## Calculus 8th Edition

Published by Cengage

# Chapter 14 - Partial Derivatives - 14.2 Limits and Continuity - 14.2 Exercises - Page 950: 17

#### Answer

$2$

#### Work Step by Step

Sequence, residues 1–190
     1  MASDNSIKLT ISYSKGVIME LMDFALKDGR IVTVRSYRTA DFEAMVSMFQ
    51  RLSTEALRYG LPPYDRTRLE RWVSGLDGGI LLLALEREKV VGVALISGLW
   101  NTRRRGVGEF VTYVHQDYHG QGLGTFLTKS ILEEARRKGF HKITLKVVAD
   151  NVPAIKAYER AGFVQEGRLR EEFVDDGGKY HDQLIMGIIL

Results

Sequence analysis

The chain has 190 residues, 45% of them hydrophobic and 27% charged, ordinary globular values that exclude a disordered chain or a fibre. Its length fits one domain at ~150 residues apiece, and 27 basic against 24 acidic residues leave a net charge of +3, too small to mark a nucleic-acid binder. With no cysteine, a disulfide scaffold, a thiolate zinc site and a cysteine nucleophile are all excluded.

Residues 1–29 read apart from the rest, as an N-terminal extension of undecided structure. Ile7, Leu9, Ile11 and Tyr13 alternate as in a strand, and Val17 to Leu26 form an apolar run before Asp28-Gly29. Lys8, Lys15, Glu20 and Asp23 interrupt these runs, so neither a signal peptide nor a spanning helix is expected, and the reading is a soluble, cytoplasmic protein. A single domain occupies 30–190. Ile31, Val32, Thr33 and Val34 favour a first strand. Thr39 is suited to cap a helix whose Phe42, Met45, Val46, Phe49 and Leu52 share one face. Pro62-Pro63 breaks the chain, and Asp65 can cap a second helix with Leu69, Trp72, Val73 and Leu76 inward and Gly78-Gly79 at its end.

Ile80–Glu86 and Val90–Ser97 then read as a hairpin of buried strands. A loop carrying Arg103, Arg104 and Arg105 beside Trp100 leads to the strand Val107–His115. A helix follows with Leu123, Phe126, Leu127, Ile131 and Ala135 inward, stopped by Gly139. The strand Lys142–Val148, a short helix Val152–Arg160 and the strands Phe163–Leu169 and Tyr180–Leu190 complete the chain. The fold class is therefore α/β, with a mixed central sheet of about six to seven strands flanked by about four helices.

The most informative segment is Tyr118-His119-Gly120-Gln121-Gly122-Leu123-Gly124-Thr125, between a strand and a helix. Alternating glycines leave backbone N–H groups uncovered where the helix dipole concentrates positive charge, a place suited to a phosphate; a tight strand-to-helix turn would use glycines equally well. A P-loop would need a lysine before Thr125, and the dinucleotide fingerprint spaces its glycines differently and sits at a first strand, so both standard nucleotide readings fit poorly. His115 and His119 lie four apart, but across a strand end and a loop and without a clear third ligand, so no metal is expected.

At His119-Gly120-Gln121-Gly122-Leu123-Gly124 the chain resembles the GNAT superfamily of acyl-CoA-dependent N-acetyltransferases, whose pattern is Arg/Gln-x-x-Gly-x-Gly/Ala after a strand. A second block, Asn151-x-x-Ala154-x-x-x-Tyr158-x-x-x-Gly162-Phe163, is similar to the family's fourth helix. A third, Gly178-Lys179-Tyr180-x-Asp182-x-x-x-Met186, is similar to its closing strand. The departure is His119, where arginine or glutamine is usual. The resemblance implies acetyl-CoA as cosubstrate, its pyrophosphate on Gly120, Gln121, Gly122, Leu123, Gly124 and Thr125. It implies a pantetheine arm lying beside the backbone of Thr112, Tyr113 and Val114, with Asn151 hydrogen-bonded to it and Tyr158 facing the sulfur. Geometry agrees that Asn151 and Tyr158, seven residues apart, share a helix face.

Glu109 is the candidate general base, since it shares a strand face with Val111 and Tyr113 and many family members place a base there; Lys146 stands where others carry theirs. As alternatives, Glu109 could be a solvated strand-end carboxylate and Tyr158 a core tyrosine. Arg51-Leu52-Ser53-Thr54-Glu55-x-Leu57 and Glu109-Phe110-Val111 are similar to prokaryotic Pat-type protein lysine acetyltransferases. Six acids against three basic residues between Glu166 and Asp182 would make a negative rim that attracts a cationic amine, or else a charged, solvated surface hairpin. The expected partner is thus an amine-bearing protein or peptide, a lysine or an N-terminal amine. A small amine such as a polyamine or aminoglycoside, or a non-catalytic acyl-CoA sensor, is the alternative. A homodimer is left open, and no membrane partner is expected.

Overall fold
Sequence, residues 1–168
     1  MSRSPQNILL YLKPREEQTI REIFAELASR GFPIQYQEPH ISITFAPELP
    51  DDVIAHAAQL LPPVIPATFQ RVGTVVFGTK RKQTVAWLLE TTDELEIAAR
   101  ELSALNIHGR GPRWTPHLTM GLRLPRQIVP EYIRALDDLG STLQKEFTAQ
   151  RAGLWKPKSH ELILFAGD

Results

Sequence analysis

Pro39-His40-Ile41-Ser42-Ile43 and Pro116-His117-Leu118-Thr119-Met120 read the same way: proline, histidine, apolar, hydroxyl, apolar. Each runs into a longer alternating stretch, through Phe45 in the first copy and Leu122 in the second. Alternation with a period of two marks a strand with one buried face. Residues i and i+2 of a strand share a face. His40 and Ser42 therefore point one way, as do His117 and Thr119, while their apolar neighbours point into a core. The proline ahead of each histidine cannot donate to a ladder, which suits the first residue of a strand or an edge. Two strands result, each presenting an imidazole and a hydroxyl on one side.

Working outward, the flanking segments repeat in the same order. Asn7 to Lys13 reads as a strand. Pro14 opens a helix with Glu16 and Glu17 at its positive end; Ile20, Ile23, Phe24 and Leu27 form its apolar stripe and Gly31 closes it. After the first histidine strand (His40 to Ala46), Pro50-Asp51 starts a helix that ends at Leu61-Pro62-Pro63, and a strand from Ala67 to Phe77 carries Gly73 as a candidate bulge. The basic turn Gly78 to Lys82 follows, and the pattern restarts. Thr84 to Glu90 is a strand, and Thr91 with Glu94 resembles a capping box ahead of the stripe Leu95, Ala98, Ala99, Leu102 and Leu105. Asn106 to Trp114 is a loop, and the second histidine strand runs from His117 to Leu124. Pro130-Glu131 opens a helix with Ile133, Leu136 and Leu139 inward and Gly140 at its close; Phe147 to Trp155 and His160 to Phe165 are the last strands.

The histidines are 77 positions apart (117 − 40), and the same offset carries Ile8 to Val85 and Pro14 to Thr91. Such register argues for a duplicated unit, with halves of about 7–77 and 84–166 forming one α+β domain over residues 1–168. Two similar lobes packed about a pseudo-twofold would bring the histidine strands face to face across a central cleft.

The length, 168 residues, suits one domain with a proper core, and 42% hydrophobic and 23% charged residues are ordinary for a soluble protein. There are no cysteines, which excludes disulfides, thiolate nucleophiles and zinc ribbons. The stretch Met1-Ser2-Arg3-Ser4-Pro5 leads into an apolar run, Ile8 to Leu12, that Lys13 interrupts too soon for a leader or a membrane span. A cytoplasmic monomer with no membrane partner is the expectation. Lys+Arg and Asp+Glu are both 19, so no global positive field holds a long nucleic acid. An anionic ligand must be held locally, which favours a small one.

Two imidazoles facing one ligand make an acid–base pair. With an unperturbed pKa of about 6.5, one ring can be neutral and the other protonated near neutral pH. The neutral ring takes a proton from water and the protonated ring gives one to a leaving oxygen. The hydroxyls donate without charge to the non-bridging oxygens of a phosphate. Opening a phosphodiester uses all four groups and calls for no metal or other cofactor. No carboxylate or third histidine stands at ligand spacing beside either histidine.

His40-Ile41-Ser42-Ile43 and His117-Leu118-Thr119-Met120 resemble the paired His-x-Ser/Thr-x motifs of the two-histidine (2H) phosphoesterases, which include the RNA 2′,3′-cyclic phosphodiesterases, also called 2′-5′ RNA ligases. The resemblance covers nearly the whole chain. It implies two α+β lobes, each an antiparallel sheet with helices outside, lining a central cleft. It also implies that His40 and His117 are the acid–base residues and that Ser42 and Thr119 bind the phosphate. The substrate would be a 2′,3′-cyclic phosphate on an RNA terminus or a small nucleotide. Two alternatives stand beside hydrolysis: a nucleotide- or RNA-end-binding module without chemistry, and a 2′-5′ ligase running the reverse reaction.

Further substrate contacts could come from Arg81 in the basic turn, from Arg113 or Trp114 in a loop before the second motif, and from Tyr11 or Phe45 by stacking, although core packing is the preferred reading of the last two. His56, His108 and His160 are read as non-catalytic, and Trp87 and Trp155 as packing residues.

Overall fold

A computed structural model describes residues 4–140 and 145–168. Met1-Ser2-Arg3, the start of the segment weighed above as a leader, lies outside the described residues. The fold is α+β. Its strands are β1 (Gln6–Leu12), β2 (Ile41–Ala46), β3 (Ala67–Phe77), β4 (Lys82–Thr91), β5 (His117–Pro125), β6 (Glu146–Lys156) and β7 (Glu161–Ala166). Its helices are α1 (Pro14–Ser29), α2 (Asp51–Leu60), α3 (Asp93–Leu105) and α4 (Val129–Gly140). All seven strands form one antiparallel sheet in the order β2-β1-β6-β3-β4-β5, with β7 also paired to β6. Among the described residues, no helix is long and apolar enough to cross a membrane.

Given: $\lim\limits_{(x,y) \to (0,0)}f(x,y)=\frac{x^{2}+y^{2}}{\sqrt {x^{2}+y^{2}+1}-1}$ Multiply both numerator and denominator by the conjugate of $\sqrt {x^{2}+y^{2}+1}-1$ i.e. $\sqrt {x^{2}+y^{2}+1}+1$. $=\lim\limits_{(x,y) \to (0,0)}\frac{x^{2}+y^{2}}{\sqrt {x^{2}+y^{2}+1}-1}\times \frac{\sqrt {x^{2}+y^{2}+1}+1}{\sqrt {x^{2}+y^{2}+1}+1}$ $=\lim\limits_{(x,y) \to (0,0)}{\sqrt {x^{2}+y^{2}+1}+1}$ $={\sqrt {0^{2}+0^{2}+1}+1}$ $=1+1$ $=2$ Hence, the limit converges to $2$.

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